On the night of April 9, 1997, Warren Macdonald, a fit and experienced bushwalker, set out to climb Mount Bowen on Hinchinbrook Island, an unspoiled tropical paradise off the Australian coast. These would be his last steps as a fully intact human being: a freak rock fall pinned him for two days alone under a one-ton boulder, resulting in a double leg amputation.
A Test of Will is a story both tragic and inspiring, conveying the horror of what happened and the extraordinary spirit that helped Macdonald survive a seemingly impossible ordeal.
A bizarre twist of fate introduces us to an extremely passionate interesting person with a lot of off the beaten track stories to tell and things to say in between his ordeal. You feel every moment of his experience; all his experiences, past and present, as he contemplates his fate while he is is stuck in a nightmare.
It’s narrated by the writer and this brings with it first hand emotion of the event. You are getting this as he said it. That’s a gift. He gives it all to this story and is an excellent speaker.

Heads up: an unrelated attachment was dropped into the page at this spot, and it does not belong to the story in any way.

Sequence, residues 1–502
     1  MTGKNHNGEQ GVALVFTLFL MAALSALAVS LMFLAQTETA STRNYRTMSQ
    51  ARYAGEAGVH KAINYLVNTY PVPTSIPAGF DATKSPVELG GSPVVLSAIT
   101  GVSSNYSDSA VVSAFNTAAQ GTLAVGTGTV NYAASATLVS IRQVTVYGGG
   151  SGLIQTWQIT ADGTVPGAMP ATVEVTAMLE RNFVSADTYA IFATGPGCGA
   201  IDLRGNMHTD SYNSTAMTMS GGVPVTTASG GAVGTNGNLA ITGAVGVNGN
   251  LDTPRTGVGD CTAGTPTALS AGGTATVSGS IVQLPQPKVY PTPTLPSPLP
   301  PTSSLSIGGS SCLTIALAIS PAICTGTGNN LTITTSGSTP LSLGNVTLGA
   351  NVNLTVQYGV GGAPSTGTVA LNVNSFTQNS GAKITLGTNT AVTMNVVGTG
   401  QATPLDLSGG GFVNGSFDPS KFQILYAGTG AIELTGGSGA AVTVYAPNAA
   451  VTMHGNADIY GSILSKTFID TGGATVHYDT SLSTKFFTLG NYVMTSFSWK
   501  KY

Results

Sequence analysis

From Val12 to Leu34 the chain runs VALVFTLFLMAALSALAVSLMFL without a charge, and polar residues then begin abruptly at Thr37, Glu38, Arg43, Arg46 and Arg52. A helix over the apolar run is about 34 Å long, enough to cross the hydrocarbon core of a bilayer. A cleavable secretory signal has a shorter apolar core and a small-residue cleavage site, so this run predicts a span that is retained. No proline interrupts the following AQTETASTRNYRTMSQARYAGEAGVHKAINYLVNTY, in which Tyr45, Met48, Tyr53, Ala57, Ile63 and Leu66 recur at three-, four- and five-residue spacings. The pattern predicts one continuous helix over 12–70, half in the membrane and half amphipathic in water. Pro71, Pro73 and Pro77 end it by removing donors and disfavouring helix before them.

My only wish is that there was more of the survival story, particularly more about the rescuer. I don’t know why he didn’t feature very much and is conspicuous by his absence. It would’ve been great to hear what he had gone through. Maybe it may have detracted from the immediacy of the account but I don’t think so.
What I like too is that it’s different from a story about gruelling conquest of a mountain or jungle. Nor is it about inexperience, naïveté, a stupid oversight or equipment failure. Something goes unexpectedly pear shaped in the worst possible way.
Definitely worth a listen if you like survival or true adventure stories. Those who like inspirational accounts will also find a lot of value here.